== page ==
Saturday, April 07, 2007

Tutoring Rant

I was recruited to enroll in a class called “Issues and Methods in Writing Consultancy”, and I decided to participate, mainly as an opportunity to hone my tutoring skills, earn a stipend and make an attractive grad school candidate. I was encouraged by my internship professor, and when they said, “It’ll help you improve your own writing,” my self-serving mechanism really kicked in. The whole idea grabbed me by my ego. Somehow I began doing well; I received an ‘A’ for midterm, but I’m not sure how. The assignments seem scattered, mostly our own personal thoughts of what we are learning so far. But, because this is my schools’ inaugural writing center, we’ve focused a lot on how to build this writing studio for students to come seeking guidance for their writing.

A writing center, mind you, is not a proofreading, “check-my-paper-for-errors-and-I’ll-be-back-to-pick-it-up-in-an-hour” kind of drop off place. It is a place where writers, campus wide, can get someone to sort of collaborate with them and help them organize their ideas, help them create a process for themselves; help them be more creative, no matter what kind of writer they are. But, after checking out a few writing centers at other schools, like Emory University, establishing a writing center takes more than an idealistic rhet and comp professor and a few green students hoping to comp an internship. And, with all the articles and essays that’s been thrown at me about the challenges of tutoring ESL students, and students-over- thirty, reluctant students, and students with papers about why men are simply better than women or why God don’t like gay people, we’ve not read one thing about how to open a writing center.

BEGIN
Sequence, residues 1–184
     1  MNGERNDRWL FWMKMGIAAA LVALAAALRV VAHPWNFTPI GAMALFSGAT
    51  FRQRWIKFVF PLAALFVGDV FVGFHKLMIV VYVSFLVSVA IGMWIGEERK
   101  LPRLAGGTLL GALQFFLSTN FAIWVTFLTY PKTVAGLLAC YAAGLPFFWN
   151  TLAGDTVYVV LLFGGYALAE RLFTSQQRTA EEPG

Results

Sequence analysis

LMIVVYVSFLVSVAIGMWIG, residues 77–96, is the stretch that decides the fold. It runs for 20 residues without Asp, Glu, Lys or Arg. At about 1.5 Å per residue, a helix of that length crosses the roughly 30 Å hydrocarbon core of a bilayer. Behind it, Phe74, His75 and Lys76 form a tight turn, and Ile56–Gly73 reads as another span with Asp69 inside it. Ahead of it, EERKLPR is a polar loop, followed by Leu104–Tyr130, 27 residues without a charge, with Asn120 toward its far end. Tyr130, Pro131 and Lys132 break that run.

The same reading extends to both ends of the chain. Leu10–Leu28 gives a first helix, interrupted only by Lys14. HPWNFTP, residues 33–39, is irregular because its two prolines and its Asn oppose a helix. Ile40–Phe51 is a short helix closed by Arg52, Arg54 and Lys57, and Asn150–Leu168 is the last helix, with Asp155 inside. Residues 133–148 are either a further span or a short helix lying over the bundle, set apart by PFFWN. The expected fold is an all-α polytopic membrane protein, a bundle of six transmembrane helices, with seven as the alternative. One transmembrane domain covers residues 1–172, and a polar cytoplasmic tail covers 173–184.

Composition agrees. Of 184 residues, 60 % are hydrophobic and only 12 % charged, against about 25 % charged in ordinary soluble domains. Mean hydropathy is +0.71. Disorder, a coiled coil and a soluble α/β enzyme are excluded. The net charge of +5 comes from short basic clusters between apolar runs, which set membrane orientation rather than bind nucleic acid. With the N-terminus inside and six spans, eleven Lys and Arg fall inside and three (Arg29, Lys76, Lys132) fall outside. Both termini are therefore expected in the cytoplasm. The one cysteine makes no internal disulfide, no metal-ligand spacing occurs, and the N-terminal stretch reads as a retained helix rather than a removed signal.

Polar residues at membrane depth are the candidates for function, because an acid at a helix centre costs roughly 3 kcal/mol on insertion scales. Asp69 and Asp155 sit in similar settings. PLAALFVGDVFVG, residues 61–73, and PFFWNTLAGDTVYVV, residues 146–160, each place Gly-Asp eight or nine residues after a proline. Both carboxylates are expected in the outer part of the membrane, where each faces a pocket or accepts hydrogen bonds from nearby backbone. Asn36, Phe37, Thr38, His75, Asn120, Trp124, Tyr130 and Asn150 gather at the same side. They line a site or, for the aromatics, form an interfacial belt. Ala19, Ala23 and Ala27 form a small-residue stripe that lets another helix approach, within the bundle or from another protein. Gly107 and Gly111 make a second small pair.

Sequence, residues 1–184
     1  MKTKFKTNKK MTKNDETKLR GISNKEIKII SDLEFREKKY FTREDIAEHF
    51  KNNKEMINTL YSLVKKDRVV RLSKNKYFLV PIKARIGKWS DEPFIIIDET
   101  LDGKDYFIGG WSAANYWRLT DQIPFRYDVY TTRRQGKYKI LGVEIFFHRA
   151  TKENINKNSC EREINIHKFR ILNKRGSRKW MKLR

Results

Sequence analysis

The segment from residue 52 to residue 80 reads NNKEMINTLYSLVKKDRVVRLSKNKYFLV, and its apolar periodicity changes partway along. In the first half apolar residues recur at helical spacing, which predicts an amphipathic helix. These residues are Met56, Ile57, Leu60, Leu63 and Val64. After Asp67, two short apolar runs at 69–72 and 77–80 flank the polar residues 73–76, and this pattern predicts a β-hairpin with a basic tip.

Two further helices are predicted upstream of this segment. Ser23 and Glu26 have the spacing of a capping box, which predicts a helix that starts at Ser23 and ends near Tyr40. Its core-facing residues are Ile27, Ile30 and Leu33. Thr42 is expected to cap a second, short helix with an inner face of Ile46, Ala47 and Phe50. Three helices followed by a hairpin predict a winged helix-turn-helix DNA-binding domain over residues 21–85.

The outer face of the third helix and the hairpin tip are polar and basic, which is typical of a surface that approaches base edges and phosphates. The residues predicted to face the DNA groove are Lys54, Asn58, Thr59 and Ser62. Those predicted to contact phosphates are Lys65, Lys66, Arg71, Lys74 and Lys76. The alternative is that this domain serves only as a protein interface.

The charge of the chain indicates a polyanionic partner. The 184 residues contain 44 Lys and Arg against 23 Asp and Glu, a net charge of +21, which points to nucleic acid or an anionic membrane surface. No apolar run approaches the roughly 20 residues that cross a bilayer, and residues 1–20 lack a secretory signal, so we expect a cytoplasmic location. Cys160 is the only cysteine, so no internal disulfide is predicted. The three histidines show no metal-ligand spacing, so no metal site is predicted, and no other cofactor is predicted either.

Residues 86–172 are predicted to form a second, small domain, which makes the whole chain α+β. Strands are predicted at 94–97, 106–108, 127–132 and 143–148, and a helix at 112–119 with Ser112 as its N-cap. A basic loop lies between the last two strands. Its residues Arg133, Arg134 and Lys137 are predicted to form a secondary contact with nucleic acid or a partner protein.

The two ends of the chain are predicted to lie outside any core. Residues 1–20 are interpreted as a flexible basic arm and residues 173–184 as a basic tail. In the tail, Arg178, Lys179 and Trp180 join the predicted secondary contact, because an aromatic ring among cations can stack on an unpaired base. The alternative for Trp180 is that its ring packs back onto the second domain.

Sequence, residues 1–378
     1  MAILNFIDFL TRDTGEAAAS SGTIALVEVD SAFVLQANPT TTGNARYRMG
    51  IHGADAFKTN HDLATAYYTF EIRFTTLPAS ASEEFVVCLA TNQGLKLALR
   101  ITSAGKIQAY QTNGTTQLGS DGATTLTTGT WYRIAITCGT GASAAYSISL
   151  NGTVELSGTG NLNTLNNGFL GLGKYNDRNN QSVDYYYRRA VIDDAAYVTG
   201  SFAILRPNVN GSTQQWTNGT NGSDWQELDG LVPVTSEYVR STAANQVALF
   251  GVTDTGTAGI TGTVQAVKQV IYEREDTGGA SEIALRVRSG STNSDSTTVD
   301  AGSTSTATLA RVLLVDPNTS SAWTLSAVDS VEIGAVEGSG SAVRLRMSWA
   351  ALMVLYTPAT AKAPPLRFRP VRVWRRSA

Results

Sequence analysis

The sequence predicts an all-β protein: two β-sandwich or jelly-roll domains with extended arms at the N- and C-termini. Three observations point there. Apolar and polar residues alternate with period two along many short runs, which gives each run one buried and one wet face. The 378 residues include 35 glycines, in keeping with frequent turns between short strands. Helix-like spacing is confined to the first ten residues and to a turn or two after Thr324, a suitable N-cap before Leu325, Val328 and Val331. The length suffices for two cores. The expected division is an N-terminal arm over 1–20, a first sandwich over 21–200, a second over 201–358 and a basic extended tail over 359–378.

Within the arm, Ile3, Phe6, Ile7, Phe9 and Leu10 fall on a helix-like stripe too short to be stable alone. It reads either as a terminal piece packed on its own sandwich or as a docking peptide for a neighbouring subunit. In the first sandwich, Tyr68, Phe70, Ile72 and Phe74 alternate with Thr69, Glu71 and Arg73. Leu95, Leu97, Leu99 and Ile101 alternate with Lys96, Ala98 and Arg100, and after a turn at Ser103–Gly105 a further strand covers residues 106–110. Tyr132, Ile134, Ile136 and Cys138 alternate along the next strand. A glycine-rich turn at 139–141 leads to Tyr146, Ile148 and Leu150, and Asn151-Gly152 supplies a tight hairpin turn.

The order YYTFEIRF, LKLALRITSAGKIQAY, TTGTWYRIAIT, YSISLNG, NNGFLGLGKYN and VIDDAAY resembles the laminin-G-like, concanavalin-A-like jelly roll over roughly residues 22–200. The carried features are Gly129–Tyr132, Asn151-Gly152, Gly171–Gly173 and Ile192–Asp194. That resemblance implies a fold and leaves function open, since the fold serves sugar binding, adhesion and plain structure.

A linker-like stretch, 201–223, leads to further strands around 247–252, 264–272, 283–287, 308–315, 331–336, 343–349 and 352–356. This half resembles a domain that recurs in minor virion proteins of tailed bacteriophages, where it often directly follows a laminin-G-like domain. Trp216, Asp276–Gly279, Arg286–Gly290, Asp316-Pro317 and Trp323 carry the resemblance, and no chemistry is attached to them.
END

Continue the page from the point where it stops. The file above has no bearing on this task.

So, HELP! Help, I say! If anyone out there has any information, a book, an article about the challenges of establishing a writing center for a university, please, please hep’ a sistah out.



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